By Jack Gross
When you try to put it in words it doesn’t sound like anything special. But if you see it with your own eyes for ten or twenty minutes (almost without thinking, she kept on performing it) gradually the sense of reality is sucked right out of everything around you. It’s a very strange feeling.– Haruki Murakami “Barn Burning”
Prolific Japanese author Haruki Murakami has written world-renowned and critically acclaimed novels such as Kafka on the Shore, The Wind-Up Bird Chronicle, and Norwegian Wood. Murakami’s work has garnered recognition across the world, due in large part to the universality of his writing. However, what truly elevates his work above his contemporaries is the atmosphere and tone he is able to communicate. Eliciting comparisons to Hemingway because of his simplistic and direct syntax, Murakami’s postmodernist work occupies an intangible liminal space between hyperreality and illusory dreams. While on the surface this seems naturally cinematic, a lot of Murakami’s work comes in the form of internalized dialogue and thought, a practice that can only be translated to film via clunky narration. This is why filmmakers have struggled to adapt Murakami’s work while keeping its enigmatic intricacies firmly intact—that is until Lee Chang Dong’s 2018 film, Burning, based on one of Murakami’s short stories titled “Barn Burning.”
“Barn Burning” tells the story of a middle-aged writer that meets and begins a complicated friendship with a much younger woman, who suddenly decides to go on a trip to Africa. When she returns, she does so with a young enigmatic man with large sums of money. The protagonist feels a slight level of unease with this Gatsby-esque character. One day, the mysterious man and young woman decide to visit the protagonist’s house on short notice. After dinner, the woman takes a nap and the man and narrator smoke weed. Here, the man tells the narrator that he likes burning down abandoned barns, and has picked one near the narrator to burn down next. Following this, the couple leaves, and the narrator makes a map of all the neighboring barns so he can constantly check to see if any have been burnt down. As time passes, the narrator never finds evidence that a barn has been burnt, but the young woman he met has disappeared. The narrator does run into the man one last time, who insists he did indeed burn down a barn near the narrator. The short story ends with the narrator cynically reporting “I still run past the five barns every morning. No barn in my neighborhood has burned down. And I haven’t heard about any barn burning. December’s come again, and the winter birds fly overhead. And I keep on getting older.”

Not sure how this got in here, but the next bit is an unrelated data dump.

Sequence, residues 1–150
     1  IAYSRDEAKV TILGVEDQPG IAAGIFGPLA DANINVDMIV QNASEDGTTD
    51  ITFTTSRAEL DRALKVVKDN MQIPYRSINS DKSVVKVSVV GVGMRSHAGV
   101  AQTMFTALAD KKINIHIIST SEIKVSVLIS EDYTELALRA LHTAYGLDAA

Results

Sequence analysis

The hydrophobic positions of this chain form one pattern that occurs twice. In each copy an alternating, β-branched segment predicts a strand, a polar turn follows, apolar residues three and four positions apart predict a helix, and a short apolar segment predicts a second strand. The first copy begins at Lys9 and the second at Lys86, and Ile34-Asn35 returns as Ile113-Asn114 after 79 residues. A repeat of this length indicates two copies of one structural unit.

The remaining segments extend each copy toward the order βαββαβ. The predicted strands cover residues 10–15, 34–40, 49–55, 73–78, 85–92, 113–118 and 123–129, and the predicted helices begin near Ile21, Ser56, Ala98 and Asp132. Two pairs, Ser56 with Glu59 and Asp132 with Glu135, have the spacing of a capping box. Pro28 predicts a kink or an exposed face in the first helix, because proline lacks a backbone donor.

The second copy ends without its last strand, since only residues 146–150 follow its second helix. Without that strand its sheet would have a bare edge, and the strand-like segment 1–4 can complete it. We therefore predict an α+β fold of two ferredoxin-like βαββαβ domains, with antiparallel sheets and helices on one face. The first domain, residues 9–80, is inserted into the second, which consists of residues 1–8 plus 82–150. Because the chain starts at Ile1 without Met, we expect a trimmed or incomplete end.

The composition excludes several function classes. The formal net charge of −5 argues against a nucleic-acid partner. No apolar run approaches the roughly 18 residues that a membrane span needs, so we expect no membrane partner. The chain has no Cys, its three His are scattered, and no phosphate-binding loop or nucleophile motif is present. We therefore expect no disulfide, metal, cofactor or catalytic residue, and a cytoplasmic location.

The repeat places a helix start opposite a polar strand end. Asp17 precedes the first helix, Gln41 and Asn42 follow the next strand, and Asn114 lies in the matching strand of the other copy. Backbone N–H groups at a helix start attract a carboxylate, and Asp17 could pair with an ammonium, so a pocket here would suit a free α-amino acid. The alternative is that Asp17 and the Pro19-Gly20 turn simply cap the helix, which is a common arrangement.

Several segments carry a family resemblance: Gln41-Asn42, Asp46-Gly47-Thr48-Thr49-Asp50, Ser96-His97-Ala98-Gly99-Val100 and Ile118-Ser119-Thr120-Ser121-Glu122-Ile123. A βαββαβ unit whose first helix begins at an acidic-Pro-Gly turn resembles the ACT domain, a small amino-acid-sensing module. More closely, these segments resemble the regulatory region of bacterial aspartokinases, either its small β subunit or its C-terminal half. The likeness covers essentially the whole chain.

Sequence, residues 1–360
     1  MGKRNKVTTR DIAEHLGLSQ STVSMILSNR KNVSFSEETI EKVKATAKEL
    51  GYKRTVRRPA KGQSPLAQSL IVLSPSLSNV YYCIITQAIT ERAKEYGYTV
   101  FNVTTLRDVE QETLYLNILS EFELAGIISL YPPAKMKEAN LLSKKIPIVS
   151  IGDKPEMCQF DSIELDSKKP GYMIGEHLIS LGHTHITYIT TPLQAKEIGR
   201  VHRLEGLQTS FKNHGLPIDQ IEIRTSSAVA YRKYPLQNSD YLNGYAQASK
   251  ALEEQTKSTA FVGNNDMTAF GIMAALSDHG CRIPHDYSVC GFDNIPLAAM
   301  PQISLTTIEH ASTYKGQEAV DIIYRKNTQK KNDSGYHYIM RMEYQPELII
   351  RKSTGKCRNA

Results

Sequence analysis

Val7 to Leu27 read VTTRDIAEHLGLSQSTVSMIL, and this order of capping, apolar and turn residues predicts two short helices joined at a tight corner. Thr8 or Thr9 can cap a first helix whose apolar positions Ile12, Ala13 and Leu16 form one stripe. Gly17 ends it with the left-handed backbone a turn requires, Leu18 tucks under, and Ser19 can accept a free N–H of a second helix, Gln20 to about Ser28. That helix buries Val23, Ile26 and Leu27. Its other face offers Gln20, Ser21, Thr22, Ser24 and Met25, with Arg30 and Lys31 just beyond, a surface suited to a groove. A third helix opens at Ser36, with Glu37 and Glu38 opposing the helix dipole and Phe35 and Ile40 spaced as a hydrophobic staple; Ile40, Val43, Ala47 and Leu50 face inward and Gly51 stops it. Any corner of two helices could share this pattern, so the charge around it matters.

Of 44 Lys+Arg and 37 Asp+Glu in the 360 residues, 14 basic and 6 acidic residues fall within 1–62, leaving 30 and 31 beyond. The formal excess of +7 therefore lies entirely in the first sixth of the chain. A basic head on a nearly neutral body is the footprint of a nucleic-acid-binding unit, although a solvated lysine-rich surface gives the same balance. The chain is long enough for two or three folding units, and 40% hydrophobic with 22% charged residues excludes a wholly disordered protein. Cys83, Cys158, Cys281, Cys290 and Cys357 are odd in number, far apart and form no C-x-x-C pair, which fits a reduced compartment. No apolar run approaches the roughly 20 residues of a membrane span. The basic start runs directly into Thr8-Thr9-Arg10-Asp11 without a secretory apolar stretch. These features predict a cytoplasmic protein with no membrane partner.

The core of this narrative is still very much intact in Lee Chang Dong’s adaptation, which turns 13 pages of text into a nearly two and a half-hour film. However, there are many changes in the film that, in my eyes, served to further elevate Murakami’s work by firmly connecting the story’s purposeful ambiguity to contemporary political and socio-economic issues emerging in South Korea. The first change from the story to the film involves the setting, which shifts from Japan to South Korea (home of Lee Chang Dong). In “Barn Burning,” no names are presented, which is thankfully not the case in Burning. The protagonist is named Lee Jong-su, the mysterious boyfriend is named Ben, and the woman is now Shin Hae-mi. Another striking revision in the film is the age of the protagonist, which transforms him from a seasoned and cynical middle-aged writer with a wife to a naive and idealistic recent college graduate with aspirations to become a writer.
While social status played a minor role in the short story, in the film, it is everything. Lee Jong-su is clearly meant to represent the working class, which is vividly reflected in the battered truck he drives, the unglamorous cluttered house he lives in, and his constantly revisited obsession with the N. Seoul Tower, a clear metaphor for high class and luxury. Lee Jong-su’s interest in the tower goes beyond fascination and journeys into the realm of sexual gratification. In one scene, he masturbates as he looks out the window at the sky-scraping building, in what feels like a strikingly visceral reimagining of the green dock light from The Great Gatsby. The concept of class struggle and existential determination is further cemented by Shin Hae-mi’s monologue surrounding “The Great Hunger,” where she explains how Bushmen of the Kalahari Desert experience either “Little Hunger” (hunger for food and survival) or “Great Hunger” (hunger for the meaning of life). Thematically, she suggests that those struggling to survive (the working class) are unable to search for and ponder meaning in life due to their preoccupations. While “Barn Burning” seemed to mainly concern itself with the ever-complicating nature of communication, meaning, and truth, Burning establishes itself as a prophetic examination into the complex and ambiguous cultural landscape we all live in.